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Psychol Sci. 2005 Jul;16(7):501-5.

Development of affective decision making for self and other: evidence for the integration of first- and third-person perspectives.

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  • 1University of Toronto, Toronto, Ontario, Canada M5S 3G3.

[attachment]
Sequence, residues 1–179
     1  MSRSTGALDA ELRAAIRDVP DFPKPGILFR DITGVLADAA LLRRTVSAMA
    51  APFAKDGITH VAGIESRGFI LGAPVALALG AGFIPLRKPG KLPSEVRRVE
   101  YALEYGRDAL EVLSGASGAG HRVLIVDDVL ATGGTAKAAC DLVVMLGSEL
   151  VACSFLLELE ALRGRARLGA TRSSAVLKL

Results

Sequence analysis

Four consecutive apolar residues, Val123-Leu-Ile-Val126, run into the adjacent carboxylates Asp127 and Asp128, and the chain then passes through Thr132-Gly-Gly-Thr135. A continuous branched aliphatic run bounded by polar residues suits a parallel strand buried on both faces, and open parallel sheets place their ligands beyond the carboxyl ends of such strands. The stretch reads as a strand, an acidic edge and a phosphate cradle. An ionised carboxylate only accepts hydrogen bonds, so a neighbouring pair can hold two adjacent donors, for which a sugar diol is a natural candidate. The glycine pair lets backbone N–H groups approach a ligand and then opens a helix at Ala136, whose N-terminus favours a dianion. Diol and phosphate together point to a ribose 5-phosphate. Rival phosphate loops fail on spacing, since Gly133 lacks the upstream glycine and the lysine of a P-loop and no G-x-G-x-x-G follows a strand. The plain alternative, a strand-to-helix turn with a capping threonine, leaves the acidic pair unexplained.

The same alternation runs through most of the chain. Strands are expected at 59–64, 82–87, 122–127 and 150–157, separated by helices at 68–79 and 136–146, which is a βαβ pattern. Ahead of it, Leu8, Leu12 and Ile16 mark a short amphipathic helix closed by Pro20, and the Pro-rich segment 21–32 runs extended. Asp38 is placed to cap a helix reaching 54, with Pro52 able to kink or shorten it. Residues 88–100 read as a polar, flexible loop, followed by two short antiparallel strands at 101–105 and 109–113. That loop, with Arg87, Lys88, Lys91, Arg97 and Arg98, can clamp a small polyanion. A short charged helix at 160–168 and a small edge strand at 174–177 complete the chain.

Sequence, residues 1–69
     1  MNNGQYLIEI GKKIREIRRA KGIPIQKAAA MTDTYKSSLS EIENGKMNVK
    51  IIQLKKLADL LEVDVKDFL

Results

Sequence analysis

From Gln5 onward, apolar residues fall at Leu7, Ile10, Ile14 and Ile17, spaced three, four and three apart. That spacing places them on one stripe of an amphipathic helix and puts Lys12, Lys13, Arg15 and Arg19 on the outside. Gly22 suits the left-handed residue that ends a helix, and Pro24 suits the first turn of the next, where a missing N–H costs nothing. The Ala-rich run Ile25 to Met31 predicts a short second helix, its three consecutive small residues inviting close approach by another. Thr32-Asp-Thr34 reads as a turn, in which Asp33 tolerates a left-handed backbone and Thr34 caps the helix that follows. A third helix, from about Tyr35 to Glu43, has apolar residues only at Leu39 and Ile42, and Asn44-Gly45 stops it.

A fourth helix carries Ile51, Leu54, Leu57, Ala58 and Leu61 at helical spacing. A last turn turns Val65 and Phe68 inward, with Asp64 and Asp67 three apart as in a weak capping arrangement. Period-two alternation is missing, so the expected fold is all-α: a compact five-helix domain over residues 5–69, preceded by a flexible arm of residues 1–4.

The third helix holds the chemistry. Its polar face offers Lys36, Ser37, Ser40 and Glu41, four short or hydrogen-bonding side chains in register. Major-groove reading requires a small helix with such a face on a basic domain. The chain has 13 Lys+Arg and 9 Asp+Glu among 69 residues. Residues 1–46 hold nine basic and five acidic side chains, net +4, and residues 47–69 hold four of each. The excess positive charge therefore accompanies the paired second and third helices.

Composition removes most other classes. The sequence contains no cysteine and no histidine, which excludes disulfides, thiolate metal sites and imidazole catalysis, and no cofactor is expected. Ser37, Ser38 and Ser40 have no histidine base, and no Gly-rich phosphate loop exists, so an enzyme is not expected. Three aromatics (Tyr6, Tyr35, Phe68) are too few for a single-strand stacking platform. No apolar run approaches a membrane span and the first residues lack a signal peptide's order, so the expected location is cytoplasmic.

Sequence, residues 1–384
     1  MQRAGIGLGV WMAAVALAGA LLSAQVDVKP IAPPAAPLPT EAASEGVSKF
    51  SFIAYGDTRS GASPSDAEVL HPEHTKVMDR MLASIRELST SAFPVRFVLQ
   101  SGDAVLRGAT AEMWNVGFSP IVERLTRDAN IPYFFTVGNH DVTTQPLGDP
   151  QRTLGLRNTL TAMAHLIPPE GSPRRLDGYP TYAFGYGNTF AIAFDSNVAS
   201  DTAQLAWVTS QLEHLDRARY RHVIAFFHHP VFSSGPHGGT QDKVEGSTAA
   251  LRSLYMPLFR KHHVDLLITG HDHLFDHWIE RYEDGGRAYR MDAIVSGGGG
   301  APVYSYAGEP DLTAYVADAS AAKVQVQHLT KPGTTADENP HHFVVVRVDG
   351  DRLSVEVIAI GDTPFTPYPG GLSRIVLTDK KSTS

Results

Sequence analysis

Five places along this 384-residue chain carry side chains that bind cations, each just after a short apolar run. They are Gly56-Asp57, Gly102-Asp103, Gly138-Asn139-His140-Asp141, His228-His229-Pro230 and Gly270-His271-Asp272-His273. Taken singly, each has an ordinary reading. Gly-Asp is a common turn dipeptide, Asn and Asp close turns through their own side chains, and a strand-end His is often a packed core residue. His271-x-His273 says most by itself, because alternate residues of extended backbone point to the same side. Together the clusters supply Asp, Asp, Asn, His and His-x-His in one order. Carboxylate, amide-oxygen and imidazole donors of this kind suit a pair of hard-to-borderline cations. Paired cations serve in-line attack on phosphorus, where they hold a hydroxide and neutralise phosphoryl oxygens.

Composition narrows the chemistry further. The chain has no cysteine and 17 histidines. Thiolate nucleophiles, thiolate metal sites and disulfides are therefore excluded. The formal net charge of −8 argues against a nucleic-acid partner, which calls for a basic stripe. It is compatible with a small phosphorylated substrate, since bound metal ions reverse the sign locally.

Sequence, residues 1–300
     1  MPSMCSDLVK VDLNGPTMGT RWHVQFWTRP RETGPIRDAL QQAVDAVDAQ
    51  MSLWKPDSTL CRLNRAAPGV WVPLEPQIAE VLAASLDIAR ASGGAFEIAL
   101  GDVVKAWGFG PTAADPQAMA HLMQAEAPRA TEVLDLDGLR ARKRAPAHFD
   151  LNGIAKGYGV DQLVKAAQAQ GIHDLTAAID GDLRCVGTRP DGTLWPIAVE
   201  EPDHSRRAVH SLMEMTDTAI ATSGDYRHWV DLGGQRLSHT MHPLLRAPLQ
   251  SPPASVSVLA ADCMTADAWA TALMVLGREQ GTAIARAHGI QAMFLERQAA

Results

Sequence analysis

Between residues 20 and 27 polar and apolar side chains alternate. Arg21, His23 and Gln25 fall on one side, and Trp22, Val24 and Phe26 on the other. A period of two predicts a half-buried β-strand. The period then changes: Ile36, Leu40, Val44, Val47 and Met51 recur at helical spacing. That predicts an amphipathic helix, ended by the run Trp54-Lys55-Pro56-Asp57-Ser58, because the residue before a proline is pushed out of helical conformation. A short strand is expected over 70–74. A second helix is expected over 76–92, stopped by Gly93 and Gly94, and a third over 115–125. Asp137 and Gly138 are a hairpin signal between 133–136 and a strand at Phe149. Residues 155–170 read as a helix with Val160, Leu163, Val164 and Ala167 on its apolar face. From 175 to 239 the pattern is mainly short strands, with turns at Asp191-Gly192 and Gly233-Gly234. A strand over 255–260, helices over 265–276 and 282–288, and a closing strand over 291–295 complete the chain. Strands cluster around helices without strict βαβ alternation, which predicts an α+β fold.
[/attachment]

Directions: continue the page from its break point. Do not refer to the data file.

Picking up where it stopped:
The role of perspective taking in affective decision making was studied in children at two ages (3 and 4 years) using a delay-of-gratification paradigm in which children chose between an immediate reward of lower value and a delayed reward of higher value. Half the children chose for themselves (self condition), and half chose for the experimenter (other condition). Three-year-olds chose delayed rewards in the other condition but made impulsive choices in the self condition. Compared with 3-year-olds, 4-year-olds performed better in the self condition and worse in the other condition. Results suggest that 3-year-olds took either a subjective, first-person perspective (for self) or an objective, third-person perspective (for other). Four-year-olds integrated these perspectives, considering a third-person perspective in the self condition and the experimenter's subjective perspective in the other condition (i.e., her desire for immediate gratification). This integration allowed reason to be tempered by emotion, and vice versa.

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